How do I buy an NFT with my wallet?

How you buy NFT collectibles will depend on two things: the type of wallet and the marketplace you want to use. If you’d like complete control over your NFT purchase and want to store it in a non-custodial wallet, you will have to use a decentralized platform, such as Featured by Binance.


Decentralized platforms (non-custodial)

If you've used Binance DEX before or another decentralized exchange, you might already be familiar with a non-custodial system. A decentralized exchange doesn't require you to make an account or sign up. You also usually deal with trades directly between each party's wallets.


NFT marketplaces (custodial)

An NFT marketplace acts as a custodian during the purchasing process. If you want to bid on an auction, you will need to send your funds to the platform to hold them in escrow. Once you have purchased your NFT, you can either keep it in their custodial wallet or withdraw it to another wallet.

The Binance NFT Marketplace also requires you to transfer funds into their custodial spot wallet to purchase and bid on NFTs. Your Binance account must be "loaded" with crypto as the website will not directly interact with external wallets.


How do I mint or sell an NFT using my wallet?

Decentralized platforms (non-custodial)

The process of creating an NFT is called minting. To mint an NFT, you need to connect your wallet and upload your digital assets to an NFT platform, such as Featured by Binance. There, you can upload images, audio, or video files along with some metadata (to describe your NFTs). You have the choice to create individual NFTs or a Collection, which consists of a group of NFTs.

After minting, your assets will be stored on-chain and cannot be altered. If you wish, you may put your NFTs up for sale. Featured by Binance currently supports two sales methods for its secondary marketplace: fixed-price sales and English auction.

As soon as the sales are completed, your NFTs will be distributed to the buyers. The proceeds of the sales will be transferred from the buyers’ wallets to yours. The process is automated and secured by the rules of smart contracts.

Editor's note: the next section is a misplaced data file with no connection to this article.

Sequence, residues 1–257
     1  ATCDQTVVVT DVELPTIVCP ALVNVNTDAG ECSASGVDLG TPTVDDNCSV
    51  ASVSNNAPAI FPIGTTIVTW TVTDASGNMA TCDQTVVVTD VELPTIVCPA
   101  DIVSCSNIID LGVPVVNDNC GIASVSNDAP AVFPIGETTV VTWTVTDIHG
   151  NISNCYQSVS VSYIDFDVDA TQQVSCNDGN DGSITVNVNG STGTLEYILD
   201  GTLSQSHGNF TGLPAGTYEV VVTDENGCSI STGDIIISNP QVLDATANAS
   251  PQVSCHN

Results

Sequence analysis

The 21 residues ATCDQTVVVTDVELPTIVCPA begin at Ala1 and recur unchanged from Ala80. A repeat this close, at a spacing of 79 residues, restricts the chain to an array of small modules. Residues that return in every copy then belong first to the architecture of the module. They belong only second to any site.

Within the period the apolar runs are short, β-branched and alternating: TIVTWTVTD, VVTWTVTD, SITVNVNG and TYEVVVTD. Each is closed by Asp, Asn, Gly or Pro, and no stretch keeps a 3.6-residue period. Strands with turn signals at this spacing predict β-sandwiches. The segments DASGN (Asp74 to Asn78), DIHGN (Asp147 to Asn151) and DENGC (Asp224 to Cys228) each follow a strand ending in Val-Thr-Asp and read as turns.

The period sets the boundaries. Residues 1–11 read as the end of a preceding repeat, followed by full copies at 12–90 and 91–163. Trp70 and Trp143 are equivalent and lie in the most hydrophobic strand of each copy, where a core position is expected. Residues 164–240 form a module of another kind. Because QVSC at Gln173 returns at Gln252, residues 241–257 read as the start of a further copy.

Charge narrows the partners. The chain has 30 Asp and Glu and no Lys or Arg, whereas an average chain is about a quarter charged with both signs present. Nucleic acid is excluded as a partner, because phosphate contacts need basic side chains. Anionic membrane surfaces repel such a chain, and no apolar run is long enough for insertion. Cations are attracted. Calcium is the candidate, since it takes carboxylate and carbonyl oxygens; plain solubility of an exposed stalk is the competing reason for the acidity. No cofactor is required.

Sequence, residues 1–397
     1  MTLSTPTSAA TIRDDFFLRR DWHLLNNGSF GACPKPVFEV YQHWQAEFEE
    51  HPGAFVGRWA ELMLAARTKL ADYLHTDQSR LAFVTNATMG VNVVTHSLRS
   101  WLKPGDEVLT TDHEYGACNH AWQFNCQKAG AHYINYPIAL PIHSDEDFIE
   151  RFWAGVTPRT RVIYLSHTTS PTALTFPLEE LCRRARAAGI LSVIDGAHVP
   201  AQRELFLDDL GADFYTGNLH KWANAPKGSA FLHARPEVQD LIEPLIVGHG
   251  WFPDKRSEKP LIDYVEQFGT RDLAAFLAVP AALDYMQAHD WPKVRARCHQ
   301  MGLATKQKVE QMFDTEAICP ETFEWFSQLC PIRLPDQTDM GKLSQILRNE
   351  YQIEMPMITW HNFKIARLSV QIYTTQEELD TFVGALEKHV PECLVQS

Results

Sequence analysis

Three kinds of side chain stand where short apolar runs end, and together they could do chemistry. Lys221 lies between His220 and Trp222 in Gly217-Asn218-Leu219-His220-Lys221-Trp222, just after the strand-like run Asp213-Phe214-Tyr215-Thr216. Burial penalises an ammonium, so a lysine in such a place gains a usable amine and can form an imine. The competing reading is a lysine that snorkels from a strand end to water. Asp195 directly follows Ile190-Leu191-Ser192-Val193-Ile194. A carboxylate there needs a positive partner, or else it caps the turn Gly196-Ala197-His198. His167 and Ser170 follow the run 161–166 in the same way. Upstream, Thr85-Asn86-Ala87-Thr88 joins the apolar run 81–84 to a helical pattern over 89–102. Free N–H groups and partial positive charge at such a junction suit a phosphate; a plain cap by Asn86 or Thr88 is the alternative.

NFT marketplaces (custodial)

To sell your NFT on a custodial marketplace, you’ll need to deposit it into the platform you’re using. Make sure that the platform accepts the type of NFT you would like to sell. If you’re not careful here, you can easily lose your NFTs by sending them to an incompatible platform. Each marketplace will have different options for sales, such as fixed price sales or auctions.

Once you have successfully sold your NFT, the marketplace will automatically transfer it to the new owner. Your funds will either be sent directly to your external wallet or left on the platform for you to withdraw.



Pros and cons of a custodial NFT service

A custodial service provides a simple way to match NFT buyers and sellers that is easy for newcomers to use. There’s no need to worry about losing your key, which is a relief even for more experienced users. Interfaces are generally user-friendly, and the whole process is more forgiving when it comes to making mistakes. If a problem occurs, the platform should have support in place to help.

But for many crypto-enthusiasts who value decentralization, not controlling your assets directly is a huge disadvantage. KYC checks are also standard on some custodial NFT services that require your name, address, and ID. Once your data is stored, there is always a risk that it may be stolen or breached. It’s also not unknown for there to be hacks of custodial services.


Pros and cons of a non-custodial NFT service

Non-custodial NFT platforms provide much greater control throughout the transaction process. Trading NFTs directly from your wallet without an intermediary provides cheaper fees and more privacy. However, these factors are more dependent on the network you’re using. If you value privacy, there is no need for KYC checks so you can trade anonymously. All you need is a wallet to get started.

There are a few downsides to non-custodial control. For new users who aren’t so familiar with wallets, non-custodial options can be less user-friendly and convenient than custodial ones. Fortunately, however, service providers like Tor.us are making dapps a lot easier to use.

As of June 2021, non-custodial exchanges tend to have lower liquidity and volume than custodial ones - except for big players like Uniswap. But when it comes to NFTs, the industry is still in very early stages, making it hard to measure. Still, liquidity depends on the user base and trading volume, and there is a good chance that non-custodial services will outgrow custodial ones in the near future. There are also projects working on cross-platform, non-custodial marketplaces that will likely prevent liquidity issues.


Custodial vs. non-custodial NFTs at a glance


Custodial NFT service

Non-custodial NFT service

Private Key

Third-party ownership

Wallet holder ownership

Accessibility

Registered accounts

Accessible to anyone

Transaction Costs

Typically higher

Typically lower

Security

Typically lower

Typically higher

Support

Typically higher

Typically lower

KYC

Yes

No


Closing thoughts

Depending on what you are looking for, both custodial and non-custodial options have their advantages. A non-custodial NFT platform like Featured By Binance is a great choice for anyone who values autonomy and security.
For less experienced users, it might make more sense to use a custodial NFT marketplace and wallet. Custodial services allow you to spend more time interacting and less time learning how to navigate around wallets. In this case, Binance NFT Marketplace is a great option to consider.